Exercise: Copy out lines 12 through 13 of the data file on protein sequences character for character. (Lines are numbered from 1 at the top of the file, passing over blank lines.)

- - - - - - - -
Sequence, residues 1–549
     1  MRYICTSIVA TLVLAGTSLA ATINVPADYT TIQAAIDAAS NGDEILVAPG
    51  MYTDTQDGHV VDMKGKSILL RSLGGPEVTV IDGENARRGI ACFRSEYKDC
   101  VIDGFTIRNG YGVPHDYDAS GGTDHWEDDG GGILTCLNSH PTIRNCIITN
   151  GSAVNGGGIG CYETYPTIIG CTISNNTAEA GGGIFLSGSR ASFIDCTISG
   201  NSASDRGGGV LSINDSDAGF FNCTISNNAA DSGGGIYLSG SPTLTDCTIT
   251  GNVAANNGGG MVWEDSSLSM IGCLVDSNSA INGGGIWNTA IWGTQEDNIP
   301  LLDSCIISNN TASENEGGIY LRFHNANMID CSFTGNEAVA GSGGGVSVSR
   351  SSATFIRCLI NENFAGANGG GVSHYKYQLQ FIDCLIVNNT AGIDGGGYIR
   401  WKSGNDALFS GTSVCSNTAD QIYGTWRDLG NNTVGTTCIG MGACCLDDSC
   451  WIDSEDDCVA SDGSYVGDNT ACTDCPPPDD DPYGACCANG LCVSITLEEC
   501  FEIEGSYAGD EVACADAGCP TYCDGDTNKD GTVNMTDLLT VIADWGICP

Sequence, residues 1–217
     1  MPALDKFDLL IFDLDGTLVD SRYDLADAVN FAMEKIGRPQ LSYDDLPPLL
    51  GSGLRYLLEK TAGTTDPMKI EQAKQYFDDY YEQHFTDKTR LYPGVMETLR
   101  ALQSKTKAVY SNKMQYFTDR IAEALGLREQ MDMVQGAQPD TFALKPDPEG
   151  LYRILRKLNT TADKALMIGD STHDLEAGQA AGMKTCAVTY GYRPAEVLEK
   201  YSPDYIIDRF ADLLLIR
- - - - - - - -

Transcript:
   501  FEIEGSYAGD EVACADAGCP TYCDGDTNKD GTVNMTDLLT VIADWGICP

Sequence, residues 1–217